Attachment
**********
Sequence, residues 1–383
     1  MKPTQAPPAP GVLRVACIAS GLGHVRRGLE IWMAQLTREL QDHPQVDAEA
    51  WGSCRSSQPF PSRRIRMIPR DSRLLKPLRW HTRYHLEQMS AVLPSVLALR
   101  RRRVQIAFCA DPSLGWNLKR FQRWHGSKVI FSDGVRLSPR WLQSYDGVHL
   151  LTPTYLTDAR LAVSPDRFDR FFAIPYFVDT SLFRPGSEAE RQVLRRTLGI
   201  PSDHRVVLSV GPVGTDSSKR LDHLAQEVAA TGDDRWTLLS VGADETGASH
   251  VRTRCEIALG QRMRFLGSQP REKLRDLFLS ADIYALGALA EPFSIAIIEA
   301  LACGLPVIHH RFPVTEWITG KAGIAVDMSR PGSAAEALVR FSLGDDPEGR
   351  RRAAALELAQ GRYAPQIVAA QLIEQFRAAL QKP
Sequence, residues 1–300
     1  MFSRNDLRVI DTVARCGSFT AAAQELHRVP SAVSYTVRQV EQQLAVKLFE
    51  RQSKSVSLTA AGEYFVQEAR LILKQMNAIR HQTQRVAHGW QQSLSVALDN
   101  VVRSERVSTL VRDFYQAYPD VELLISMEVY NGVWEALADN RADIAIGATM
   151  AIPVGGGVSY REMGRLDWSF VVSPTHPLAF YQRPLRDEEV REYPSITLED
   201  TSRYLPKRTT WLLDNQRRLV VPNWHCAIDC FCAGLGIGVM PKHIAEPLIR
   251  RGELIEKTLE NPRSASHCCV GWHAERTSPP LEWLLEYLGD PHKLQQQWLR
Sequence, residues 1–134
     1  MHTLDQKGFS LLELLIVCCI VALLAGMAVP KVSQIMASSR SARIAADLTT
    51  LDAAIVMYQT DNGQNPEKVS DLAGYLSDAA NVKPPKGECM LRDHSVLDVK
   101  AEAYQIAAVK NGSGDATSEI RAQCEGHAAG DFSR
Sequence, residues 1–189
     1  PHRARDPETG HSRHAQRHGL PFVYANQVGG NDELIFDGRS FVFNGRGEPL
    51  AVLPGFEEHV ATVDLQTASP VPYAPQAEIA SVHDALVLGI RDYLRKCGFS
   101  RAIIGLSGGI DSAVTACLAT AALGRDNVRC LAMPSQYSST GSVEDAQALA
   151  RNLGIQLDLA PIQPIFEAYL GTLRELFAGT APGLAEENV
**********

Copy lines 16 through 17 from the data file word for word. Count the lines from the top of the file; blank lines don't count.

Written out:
   251  RGELIEKTLE NPRSASHCCV GWHAERTSPP LEWLLEYLGD PHKLQQQWLR
Sequence, residues 1–134